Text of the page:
At the BBC, a set of colorful, beautiful iPhone photos taken at Nigerian weddings, all from documentary photographer Glenna Gordon, who says that the phone makes her subjects feel less intimidated than a regular camera would. Fun fact about Nigerian weddings: all the bride's friends wear one color, and the groom's friends wear another. Rumble-ready, the way a wedding should be.
The big headline in Philadelphia on our wedding day read: "Water-main break floods Old City." We got the call about five hours before showtime that half our wedding party had lost water and needed to borrow showers at the hotel. Next, the salon called saying they were shut down, but were headed our way to set up a makeshift beauty parlor in the bridal suite — where we promptly blew all the fuses, sending stylists, bridesmaids, flower girls and mothers hither and yon to finish getting ready. It was absolutely hilarious. Our friend and photographer, Clayton Hauck, had eyes on the whole shebang. At end of this photo [...]
In 2008, I was named a bridesmaid against my will, and I prepared to suffer through all the standard requirements that come with the duty. Usually, you simply grin and bear these life necessities, but when the bride vehemently insisted that we all have dates despite the fact that several of us were single, I decided to respond to her myopia with outright insolence, with the support of and in the shared name of my bridal party [...]
Guys! Marriage equality is here, just in time to get into fights about things that someone will always manage to be offended by:
Dear Civil Behavior: I’ve been helping my daughter plan her wedding to her girlfriend and everything’s been going fine — until now. We’re about to address the invitations. The calligrapher is lined up and time is getting a bit short. Here’s the problem. My daughter insists on addressing the women with what I’d call a feminist version of their names. In other words, instead of writing “Mr. and Mrs. Richard Garcia” she wants to write: “Ms. Jane Garcia and Mr. Richard Garcia,” calling out the [...]
I am crying on Lou, the TSA officer. Lou is holding my license, and I’m holding every sob as long as I can. But they come out in wet bursts, snot oozing over my upper lip.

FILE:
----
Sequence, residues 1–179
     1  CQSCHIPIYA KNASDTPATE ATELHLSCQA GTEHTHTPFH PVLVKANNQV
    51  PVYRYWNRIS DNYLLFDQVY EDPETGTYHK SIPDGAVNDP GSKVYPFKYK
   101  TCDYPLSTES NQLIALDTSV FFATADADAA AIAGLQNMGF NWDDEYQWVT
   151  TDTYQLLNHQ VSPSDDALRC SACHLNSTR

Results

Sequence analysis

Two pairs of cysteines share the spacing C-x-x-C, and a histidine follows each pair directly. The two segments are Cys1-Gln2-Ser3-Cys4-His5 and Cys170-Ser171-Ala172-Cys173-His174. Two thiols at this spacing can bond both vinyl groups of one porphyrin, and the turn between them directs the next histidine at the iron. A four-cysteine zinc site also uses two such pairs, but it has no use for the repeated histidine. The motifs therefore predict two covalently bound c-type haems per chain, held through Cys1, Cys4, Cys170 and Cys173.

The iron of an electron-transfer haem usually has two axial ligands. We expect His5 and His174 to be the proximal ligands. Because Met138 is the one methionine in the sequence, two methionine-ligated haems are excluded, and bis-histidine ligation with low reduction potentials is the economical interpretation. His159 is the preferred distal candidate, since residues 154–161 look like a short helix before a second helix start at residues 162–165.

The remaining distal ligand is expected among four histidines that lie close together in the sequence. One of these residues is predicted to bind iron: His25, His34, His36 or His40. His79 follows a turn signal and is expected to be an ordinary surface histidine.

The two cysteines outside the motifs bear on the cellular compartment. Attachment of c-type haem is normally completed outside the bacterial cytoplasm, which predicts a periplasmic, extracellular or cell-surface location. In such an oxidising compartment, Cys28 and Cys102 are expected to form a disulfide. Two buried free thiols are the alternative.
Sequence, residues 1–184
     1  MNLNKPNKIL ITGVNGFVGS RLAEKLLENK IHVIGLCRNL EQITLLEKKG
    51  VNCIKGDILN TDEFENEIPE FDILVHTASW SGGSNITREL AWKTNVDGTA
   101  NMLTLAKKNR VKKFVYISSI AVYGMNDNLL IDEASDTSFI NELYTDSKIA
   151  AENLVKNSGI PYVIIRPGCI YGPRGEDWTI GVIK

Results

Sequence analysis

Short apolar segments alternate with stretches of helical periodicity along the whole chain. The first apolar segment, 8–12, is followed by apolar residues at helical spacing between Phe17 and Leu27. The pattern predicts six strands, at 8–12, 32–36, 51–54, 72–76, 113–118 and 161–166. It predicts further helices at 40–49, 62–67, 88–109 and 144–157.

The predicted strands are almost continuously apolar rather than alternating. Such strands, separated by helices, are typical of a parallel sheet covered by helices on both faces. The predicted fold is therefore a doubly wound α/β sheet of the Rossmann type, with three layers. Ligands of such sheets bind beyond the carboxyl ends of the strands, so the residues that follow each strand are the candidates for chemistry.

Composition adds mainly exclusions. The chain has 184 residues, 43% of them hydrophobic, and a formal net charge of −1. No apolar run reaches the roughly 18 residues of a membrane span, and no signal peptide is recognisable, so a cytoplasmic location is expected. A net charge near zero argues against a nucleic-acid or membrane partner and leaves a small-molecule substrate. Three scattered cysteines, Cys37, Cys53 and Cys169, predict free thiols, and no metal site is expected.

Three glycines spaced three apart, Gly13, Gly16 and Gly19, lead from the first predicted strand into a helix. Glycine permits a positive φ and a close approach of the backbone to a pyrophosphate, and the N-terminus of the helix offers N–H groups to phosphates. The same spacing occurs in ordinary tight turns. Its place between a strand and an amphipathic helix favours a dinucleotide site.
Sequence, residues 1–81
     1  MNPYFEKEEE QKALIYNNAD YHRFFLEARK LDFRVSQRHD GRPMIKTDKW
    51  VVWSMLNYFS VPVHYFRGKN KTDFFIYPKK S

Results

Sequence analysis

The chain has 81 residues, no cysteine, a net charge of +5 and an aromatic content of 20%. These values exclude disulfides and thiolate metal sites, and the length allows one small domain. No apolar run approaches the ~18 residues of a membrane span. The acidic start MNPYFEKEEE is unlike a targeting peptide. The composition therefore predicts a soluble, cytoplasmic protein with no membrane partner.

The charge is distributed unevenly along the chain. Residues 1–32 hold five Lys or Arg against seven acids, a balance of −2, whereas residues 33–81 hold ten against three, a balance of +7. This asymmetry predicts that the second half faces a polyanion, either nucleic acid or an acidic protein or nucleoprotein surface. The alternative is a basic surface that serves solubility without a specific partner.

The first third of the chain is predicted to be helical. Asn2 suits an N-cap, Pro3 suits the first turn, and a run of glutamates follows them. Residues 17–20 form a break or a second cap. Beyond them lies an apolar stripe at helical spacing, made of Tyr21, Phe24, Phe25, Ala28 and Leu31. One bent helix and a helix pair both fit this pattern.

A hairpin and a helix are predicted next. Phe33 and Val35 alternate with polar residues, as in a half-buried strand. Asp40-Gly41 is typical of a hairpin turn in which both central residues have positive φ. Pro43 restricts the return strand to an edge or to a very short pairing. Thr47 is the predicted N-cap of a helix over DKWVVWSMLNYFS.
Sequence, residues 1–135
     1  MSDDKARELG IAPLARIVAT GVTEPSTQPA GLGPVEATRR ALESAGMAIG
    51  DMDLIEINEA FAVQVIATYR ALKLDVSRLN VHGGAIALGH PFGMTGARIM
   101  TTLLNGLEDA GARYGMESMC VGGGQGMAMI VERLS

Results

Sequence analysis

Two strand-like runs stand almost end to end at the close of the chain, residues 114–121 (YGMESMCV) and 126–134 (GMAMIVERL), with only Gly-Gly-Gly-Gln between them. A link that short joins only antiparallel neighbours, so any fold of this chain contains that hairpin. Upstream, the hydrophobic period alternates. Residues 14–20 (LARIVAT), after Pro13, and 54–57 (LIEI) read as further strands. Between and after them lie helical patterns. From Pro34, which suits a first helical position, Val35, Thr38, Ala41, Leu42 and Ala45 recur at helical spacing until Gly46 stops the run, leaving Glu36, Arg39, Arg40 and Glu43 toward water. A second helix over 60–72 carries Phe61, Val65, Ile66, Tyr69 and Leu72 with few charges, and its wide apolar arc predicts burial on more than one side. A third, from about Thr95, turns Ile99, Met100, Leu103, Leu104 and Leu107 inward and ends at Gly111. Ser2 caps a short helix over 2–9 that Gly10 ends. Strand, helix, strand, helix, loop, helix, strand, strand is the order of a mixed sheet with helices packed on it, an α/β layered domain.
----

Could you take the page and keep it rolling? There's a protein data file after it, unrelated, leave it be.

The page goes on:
“Anita! Get her some Kleenex, please.”
I sense the restlessness of passengers roped in zigzag formation behind me as the Man Who Checks IDs counsels Weeping Chick With Laptop Out Already with quips meaningless and profound, all in the same tone: Don’t hide that smile! This too shall pass!
Colleague Anita slips me a less sympathetic look before sliding off her stool to locate tissues. Her walk is slow enough to appear intentional. It [...]
Single? Married? Divorced? None/all? This "why do people marry?" opinion piece is interesting, if you're interested in that kind of thing.
Also is that little girl wearing pajamas to her parents' wedding?
Previously, possibly related: "if instead of giant parties with pretty dresses and champagne, weddings were brief, solo walks through a gutter followed by an exchange of mud clumps, there might not be so much divorce. Maybe? I don't know."
And if you really want to go all in this morning, the Times is also running an article on the state of the pelvic exam.
"It’s no longer enough to take wedding pictures that show a bride and groom in love — dancing, whispering during dinner, playing with a nephew or niece. These days, wedding pictures are elaborate, photographer-contrived setups that show the newlyweds kissing in a wheat field (as if it were a natural act to go wheat-harvesting on one’s wedding day) or aboard an old-time fire engine."
A wedding photographer checks back in with a few of the 451 couples he's photographed over the past dozen or so years, and although "most … are still married," others are not: "As warning signs go, having one of your mother’s friends — whose husband [...]